As mentioned, metabolic pathways are catalyzed by enzymes. Enzymes work by lowering the activation energy needed to make a reaction happen. They do this by the induced fit model. The induced fit model explains that an enzyme has an active site which can bind to a substrate. The active site and the substrate must be compatible in shape and charge, but when the substrate is bonded to an enzyme, the enzyme may change its shape to accommodate the substrate. Enzyme catalyzed reactions starts by a substrate bonding to an enzyme, changing the shape of the enzyme thus creating an enzyme substrate complex. The enzyme then reduces the substrate’s activation energy and transforms the substrate, which is then released as the product of the reaction. The enzyme can now go on and bind with the next substrate.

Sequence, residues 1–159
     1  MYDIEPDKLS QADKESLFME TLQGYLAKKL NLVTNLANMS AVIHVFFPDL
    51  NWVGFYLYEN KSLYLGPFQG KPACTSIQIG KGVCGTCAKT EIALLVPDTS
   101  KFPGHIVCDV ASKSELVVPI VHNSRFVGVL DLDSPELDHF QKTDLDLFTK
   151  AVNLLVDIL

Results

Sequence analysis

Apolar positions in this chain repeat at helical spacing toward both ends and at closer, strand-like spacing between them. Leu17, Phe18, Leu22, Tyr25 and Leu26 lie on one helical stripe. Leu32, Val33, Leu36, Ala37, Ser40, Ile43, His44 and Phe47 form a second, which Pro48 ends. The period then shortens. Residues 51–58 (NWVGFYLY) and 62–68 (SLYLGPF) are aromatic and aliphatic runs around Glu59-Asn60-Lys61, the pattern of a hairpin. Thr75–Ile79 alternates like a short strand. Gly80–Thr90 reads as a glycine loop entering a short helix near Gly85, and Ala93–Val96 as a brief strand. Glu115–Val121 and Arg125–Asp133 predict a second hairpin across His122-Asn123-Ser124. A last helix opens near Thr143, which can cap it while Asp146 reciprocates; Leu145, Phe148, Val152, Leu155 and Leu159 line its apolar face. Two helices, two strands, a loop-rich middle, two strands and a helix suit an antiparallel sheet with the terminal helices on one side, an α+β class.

A metabolic pathway may want to be inhibited under some circumstances to avoid overproduction. Three ways of inhibition are discussed. The first way to inhibit enzyme catalyzed reactions is competitive inhibition. An inhibitor resembling the substrate permanently bonds with the enzyme, taking the place of the substrate. This reduced reactivity until more enzymes or substrate is added. The second method of inhibition is non-competitive inhibition. Here inhibitors bind to enzymes in another location than the active site called the allosteric site. The binding to the allosteric site changes the composition of the enzyme, which changes the shape of the active site. The targeted substrate thus cannot bind with the enzyme anymore. In non-competitive inhibition, in does not help to increase substrate concentrations as they are not competing. The only way to increase reactivity is to increase enzyme concentration. The last inhibition method is end-product inhibition. In end product inhibition the final product produced from the metabolic pathway inhibits the first step of the metabolic pathway, which shuts down the whole pathway. This reduces the yield of product, and when less product is produced, the reactivity in the first step increases. This prevents too much product from being produced. This is a good example of a negative feedback loop.